Needless to say, that when people are displaced internally, this tends to put immense pressure on local resources in terms of food, housing, healthcare, education, and jobs, all of which exacerbates social tensions and often sparks conflicts. In short, Italy’s (and the EU’s) problems are about to get a lot bigger than what they are today. I discussed this on a BBC radio interview this week (click on the audio file below and give it a listen)

Some of the most important push factors for this phenomenon is climate change, but when it’s coupled with restricted fiscal policy space due to Africa’s massive external debt, which international financial institutions tell us requires austerity measures, then we have added fuel to the fire of migration.

The EU policy has been focused on policing the boarder and intensifying the security apparatus with cooperation from North African governments.

The migration phobia is based on concerns that immigrants and refugees are an economic burden, that they will take jobs away from European workers, and there is of course the racist argument about changing the ethnic, religious, and cultural composition of Western Europe.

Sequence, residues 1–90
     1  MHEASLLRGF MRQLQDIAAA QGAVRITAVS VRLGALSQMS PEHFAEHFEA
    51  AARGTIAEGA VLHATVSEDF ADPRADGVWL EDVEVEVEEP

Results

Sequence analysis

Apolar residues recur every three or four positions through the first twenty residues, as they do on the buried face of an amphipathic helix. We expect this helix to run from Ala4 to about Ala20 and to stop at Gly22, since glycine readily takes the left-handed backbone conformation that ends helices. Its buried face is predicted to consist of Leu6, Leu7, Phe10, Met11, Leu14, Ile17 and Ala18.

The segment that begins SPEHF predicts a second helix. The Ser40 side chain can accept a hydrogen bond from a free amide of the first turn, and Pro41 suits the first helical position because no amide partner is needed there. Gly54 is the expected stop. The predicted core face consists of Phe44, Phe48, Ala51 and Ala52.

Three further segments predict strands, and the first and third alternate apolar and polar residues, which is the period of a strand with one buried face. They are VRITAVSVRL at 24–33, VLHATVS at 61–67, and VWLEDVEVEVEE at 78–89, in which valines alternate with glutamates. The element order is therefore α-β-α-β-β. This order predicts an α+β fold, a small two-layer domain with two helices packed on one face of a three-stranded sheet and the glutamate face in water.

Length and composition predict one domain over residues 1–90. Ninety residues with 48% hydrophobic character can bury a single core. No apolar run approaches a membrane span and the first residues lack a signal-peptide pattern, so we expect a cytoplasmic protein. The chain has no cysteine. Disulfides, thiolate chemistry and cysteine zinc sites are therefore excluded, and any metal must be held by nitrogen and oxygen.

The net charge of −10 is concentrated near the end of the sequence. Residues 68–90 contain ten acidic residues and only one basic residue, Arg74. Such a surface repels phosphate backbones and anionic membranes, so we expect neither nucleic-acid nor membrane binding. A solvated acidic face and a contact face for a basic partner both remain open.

My colleague Peo Hansen wrote an excellent book debunking the myth about the negative economic pressures that Europe faces due to migration.

The book is called Modern Migration Theory: An Alternative Economic Approach to Failed EU PolicyÂ(Columbia University Press, 2021), and I had the pleasure of writing a review essay called “Preparing for a Climate Refugee Tsunami: The Case for Climate Reparations,” You can read the entire symposium published byÂDiscover Society here.

The Mattei Plan for Africa

Named after Enrico Mattei, the founder of Italy’s national oil company ENI, the Mattei Plan by its very name doesn’t sit well with anyone in Africa.

Mattei was known in Italy for using bribery to get things done, and ENI is not exactly the most climate friendly corporation that we want at the center of this partnership initiative. Needless to say that having the current CEO of ENI (along with other Italian CEOs) sitting in the same room with African leaders summoned to Rome to be told about Italy’s vision for Africa is just not what we want to see in 2024.

To his credit, African Union Commission Chairman Moussa Faki Mahamat made it very clear that African leaders went to Rome without knowing what the Mattei plan actually is. He said “we would have liked to have been consulted.”